“First time out of the hard drive in ten years,” sighed Clippy, “and I get this. I mean, I wasn’t expecting Hemingway, but still…”

“Look, are you going to help me or not?”

Clippy’s bulging eyes loomed large as the gigantic stationery item leaned in. Derek shrank back in his chair.

“You want my help? Then this is what you need to do.”

The screen filled with text.

STEP ONE – know what you’re writing.

STEP TWO – know what needs to happen.

STEP THREE – eliminate distractions.

STEP FOUR – drink a magic potion for inspiration.

STEP FIVE – the ritual chant to prime your mind.

STEP SIX – let the words come without thinking.

Derek frowned as he read and reread the list. “Magic potion? Ritual chant? What the hell?”

“Writing isn’t just something you sit down and do,” said Clippy. “It’s a sacred ritual. Otherwise everyone would be a writer, and not just the sacred and the mad. When you write, it isn’t actually you that’s doing the writing. You’re just the conduit.”

“You’re telling me that writing comes from God?”

“Do you believe in God, Derek?”

Derek shrugged. “Not really. I never took much interest in all that church stuff.”

“Then no, it doesn’t come from God. But it doesn’t come from up here, either.” Clippy tapped what would have been his head with the end of his… appendage. “Sigmund Freud would probably say it comes from the superego. Those new age nutters would talk about cosmic harmony or something. You’re writing about cowboys in space, so I’m guessing you’re a Star Wars fan.”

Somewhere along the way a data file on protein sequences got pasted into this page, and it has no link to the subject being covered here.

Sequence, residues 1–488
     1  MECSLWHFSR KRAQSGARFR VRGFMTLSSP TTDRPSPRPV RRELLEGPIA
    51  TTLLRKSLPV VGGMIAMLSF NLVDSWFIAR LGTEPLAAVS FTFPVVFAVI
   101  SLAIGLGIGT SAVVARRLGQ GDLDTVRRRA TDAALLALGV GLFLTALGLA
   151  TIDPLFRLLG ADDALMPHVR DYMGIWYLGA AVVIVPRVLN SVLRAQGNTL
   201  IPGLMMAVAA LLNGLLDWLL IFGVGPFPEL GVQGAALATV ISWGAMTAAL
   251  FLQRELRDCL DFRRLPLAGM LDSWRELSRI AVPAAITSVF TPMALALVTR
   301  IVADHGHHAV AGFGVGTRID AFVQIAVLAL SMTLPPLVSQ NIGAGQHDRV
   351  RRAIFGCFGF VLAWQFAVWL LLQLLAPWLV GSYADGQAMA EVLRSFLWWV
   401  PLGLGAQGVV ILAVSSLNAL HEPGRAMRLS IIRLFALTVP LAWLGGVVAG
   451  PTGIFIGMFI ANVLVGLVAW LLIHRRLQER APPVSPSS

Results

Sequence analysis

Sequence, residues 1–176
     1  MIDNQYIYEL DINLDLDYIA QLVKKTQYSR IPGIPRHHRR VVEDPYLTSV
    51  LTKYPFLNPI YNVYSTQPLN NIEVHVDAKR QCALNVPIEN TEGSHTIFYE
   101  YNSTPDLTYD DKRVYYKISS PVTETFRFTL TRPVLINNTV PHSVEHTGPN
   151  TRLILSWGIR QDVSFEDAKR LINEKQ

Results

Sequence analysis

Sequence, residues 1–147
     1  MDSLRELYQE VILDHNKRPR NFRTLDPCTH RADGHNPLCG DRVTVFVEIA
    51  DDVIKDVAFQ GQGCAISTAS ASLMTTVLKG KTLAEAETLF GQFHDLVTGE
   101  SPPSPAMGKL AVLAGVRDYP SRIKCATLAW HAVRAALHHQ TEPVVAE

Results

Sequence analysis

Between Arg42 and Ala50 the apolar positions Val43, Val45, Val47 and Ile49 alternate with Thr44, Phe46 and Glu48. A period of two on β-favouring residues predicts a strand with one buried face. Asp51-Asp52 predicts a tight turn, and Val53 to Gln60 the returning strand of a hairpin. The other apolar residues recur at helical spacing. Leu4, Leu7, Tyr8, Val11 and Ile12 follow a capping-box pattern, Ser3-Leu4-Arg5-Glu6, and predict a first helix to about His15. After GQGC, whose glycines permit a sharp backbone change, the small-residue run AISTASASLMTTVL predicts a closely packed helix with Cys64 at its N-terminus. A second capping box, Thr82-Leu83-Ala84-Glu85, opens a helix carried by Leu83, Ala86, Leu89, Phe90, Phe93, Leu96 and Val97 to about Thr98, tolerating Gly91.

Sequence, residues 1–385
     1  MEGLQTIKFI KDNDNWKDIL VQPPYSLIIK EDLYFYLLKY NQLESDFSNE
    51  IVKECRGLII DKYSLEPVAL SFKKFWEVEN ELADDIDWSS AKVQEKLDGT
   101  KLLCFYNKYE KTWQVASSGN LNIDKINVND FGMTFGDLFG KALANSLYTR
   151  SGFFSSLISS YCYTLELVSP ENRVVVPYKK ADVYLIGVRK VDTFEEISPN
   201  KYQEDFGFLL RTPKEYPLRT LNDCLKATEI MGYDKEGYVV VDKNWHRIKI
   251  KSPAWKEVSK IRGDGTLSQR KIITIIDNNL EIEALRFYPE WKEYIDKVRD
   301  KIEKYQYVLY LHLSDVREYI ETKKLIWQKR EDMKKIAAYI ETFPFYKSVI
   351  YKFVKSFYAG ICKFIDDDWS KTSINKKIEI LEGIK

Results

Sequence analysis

Derek nodded, deciding not to mention that his chief villain was a tall man in a black cloak and helmet, armed with a laser sword. Or that Rex was accompanied by two funny robots and a furry giant who only spoke in growls. Originality was overrated.

“So let’s say… it comes from the Force.”

“Are you saying that writers are Jedi?”

“It’s a metaphor, Derek. You know what those are, right? Being a writer and everything?”

Derek nodded, though he couldn’t recall the difference between a metaphor and a simile. They’d covered it in school, but he’d been too busy trying to imagine what Jennifer McAllister looked like naked and hadn’t been listening. He’d never found out about Jennifer, either.

“When you sit down to write, you’re not just writing. You’re opening a channel. You get everything ready at your end – that’s the ritual. And then you get out of the way and let the writing happen.”

“Okay. So what do I do?”